David Mitchell breaks ranks to question Guardian paywall stance

As the Times and Sunday Times’ paywalls went up earlier this month, the Guardian welcomed a former Times blogger and readers to its website with some cheeky editorial.

The Times has done the same with columnists from the paper writing and blogging about their support for paid content. But interesting space on Comment is Free on Sunday was given over to some-time Guardian writer and comedian David Mitchell, who took the title’s strategy to task:

By implying that it thinks content should be free for moral reasons, the Guardian website is playing an extremely dangerous game. It’s an approach which not only makes it hypocritical to charge for the printed newspaper and the iPhone app, but also gives hostages to fortune: what if the Murdoch paywall, or some other “micropayment” system, starts to work? Are we to believe that the Guardian wouldn’t institute something similar? Or would it be happy to be reduced to the online equivalent of a freesheet?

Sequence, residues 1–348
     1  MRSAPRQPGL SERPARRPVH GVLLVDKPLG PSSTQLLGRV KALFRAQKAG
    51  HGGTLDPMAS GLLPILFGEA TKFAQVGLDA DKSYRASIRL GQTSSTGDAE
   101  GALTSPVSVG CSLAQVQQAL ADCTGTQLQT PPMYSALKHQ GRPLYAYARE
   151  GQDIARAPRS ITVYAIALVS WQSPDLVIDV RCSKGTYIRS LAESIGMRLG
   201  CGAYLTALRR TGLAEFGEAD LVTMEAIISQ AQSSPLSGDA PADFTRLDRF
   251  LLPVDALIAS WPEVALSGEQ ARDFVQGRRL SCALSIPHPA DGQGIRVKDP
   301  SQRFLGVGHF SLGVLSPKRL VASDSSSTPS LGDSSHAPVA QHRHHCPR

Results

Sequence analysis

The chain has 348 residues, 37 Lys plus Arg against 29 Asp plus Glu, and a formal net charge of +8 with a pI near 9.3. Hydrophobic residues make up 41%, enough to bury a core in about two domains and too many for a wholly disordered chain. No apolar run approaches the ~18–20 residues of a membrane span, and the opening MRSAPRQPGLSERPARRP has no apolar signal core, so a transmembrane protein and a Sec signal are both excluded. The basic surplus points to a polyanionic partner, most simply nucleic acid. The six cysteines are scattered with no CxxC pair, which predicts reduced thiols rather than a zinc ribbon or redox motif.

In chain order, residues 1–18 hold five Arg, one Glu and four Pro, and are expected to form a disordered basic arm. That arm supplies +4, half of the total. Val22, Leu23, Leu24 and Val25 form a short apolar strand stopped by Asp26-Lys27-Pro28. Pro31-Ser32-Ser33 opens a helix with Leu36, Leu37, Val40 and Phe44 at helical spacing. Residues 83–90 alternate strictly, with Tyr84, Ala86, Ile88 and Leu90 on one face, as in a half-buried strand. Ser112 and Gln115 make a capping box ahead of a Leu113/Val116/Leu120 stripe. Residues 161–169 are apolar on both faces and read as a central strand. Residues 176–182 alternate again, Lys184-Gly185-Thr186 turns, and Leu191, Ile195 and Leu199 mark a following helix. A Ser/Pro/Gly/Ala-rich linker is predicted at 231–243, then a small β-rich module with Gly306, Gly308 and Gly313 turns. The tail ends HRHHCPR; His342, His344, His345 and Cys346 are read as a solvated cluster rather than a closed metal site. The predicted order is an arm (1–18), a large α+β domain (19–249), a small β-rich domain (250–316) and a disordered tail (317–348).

Full post on Comment is Free at this link…

One thought on “David Mitchell breaks ranks to question Guardian paywall stance

  1. Martin Belam

    It is an interesting piece from Mitchell, which was, I guess, mostly aimed at the print Observer audience. The comment thread is a good one, and Shane Richmond responded over on the Telegraph’s blogs: Free content isn’t a right but David Mitchell is still wrong about paywalls. I’ve also picked up on one of the points often raised about the paywall – that star writers will worry about diminishing page views and Facebook ‘likes’ and Twitter shares. I don’t think being behind the paywall means you are not being read – The Times still has a circulation of over 500,000

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